|New Reviews| |Software Methodologies| |Popular Science| |AI/Machine Learning| |Programming| |Java| |Linux/Open Source| |XML| |Software Tools| |Other| |Web| |Tutorials| |All By Date| |All By Title| |Resources| |About| |
Keywords: Popular science, Maths Title: A Brief History of Infinity Author: Brian Clegg Publisher: Robinson ISBN: 1841196509 Media: Book Verdict: A good read for all but the maths-phobic |
Wrestling with infinity is no easy task. Just when you think you're done you realise that there's an infinite amount still to do. No wonder it helped drive at least two mathematical geniuses over the edge?Author Brian Clegg takes us on an enjoyable trek through the history of infinity, from the earliest concepts through the middle ages and into the modern world of non-standard analysis and beyond. Readers of a non-mathematical persuasion can be assured that they won't be stretched too hard, though some of the ideas are hard to get hold of at first. But don't worry, if you think you've got the idea and then find it slips away you're in good company - infinity is just plain slippery.
As with many such books, the journey is as interesting as the destination. Clegg does a good job of illuminating the subject through the powerful personalities that grappled with ideas of the infinite. From the Newton-Leibniz grudge match to the problems Cantor had with his one-time mentor Kronecker to the weird manias of Kurt Godel and more. But this is more than just a series of interesting biographical sketches, each of the episodes looks at the issues these mathematicians and philosophers were grappling with. From the ideas of fluxions and limits - which moved calculus centre stage in the mathematical, scientific and engineering worlds - to the bizarre realms of Hilbert's hotel and Godel's unravelling of the dream of a mathematics without paradox.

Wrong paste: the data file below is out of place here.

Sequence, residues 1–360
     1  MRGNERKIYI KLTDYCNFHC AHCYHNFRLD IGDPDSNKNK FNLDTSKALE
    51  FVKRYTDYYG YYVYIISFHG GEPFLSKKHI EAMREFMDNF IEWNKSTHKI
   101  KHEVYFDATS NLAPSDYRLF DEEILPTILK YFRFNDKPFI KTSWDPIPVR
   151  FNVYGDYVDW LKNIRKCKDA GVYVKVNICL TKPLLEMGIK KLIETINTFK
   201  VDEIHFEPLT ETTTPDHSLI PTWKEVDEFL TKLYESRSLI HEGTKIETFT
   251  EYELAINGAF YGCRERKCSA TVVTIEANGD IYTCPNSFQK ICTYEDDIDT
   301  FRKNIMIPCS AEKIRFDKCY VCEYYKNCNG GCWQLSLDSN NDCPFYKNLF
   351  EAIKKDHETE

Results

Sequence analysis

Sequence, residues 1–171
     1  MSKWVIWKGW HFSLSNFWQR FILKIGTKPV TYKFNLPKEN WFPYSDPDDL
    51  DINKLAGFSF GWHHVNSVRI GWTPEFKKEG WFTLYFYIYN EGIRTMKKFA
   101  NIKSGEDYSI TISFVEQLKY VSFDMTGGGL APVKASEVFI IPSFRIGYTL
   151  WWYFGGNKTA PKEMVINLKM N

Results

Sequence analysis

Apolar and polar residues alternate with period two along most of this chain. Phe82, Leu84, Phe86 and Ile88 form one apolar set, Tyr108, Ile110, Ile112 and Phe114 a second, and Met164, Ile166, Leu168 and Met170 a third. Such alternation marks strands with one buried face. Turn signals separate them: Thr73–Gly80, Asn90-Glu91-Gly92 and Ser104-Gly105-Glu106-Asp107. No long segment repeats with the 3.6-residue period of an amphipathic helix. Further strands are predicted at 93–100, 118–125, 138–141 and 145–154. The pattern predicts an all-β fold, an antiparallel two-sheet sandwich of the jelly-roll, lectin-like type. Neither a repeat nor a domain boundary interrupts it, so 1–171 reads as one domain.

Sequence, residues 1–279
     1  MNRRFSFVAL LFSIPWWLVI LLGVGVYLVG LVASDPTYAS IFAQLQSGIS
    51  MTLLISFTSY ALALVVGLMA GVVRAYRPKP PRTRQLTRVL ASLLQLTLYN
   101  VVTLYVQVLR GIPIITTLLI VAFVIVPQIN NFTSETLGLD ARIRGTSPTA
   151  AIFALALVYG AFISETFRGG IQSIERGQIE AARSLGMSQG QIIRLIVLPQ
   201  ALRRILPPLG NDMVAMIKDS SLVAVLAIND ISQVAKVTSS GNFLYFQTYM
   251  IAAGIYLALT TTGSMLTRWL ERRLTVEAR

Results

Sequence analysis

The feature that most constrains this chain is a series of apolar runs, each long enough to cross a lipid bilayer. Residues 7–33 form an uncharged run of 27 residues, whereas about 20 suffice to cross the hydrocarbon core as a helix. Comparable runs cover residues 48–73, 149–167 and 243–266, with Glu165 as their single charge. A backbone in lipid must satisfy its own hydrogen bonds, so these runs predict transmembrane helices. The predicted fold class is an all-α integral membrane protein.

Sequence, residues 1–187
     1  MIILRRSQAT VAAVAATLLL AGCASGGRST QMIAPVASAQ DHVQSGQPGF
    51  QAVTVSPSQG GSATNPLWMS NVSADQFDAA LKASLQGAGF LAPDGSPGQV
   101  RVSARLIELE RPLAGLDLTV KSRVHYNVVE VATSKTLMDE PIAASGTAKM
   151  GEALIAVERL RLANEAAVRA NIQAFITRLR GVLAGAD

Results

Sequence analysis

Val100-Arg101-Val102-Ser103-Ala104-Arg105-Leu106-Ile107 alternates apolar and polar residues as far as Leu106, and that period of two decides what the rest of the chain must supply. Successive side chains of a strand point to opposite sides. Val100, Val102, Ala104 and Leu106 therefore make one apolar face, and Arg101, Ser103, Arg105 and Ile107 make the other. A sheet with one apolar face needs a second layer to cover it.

The book is written in a friendly, chatty kind of way. The diversions along the way - for example there is a nice discussion of the geometrical, rather than algebraic or numeric, nature of Greek mathematics - are as interesting as the chapters which deal rather more directly with ideas of infinity. At times I wanted more, particularly in the sections on hyper-real numbers and the ideas of non-standard analysis, but that's partly due to an unnatural attraction to maths that is unlikely to be shared by the majority of readers.
It's a good read and should appeal to all but the most mathematically-resistant.